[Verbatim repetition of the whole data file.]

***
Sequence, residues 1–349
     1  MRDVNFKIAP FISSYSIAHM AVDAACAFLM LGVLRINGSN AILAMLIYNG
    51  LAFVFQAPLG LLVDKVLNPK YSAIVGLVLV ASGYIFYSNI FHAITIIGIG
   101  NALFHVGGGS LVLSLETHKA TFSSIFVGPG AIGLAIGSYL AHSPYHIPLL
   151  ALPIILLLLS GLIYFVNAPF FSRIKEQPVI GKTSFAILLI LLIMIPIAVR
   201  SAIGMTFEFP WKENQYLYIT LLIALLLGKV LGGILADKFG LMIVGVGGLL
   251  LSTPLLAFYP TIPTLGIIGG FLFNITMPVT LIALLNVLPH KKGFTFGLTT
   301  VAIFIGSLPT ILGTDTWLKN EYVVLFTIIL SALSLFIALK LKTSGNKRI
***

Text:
Sequence, residues 1–349
     1  MRDVNFKIAP FISSYSIAHM AVDAACAFLM LGVLRINGSN AILAMLIYNG
    51  LAFVFQAPLG LLVDKVLNPK YSAIVGLVLV ASGYIFYSNI FHAITIIGIG
   101  NALFHVGGGS LVLSLETHKA TFSSIFVGPG AIGLAIGSYL AHSPYHIPLL
   151  ALPIILLLLS GLIYFVNAPF FSRIKEQPVI GKTSFAILLI LLIMIPIAVR
   201  SAIGMTFEFP WKENQYLYIT LLIALLLGKV LGGILADKFG LMIVGVGGLL
   251  LSTPLLAFYP TIPTLGIIGG FLFNITMPVT LIALLNVLPH KKGFTFGLTT
   301  VAIFIGSLPT ILGTDTWLKN EYVVLFTIIL SALSLFIALK LKTSGNKRI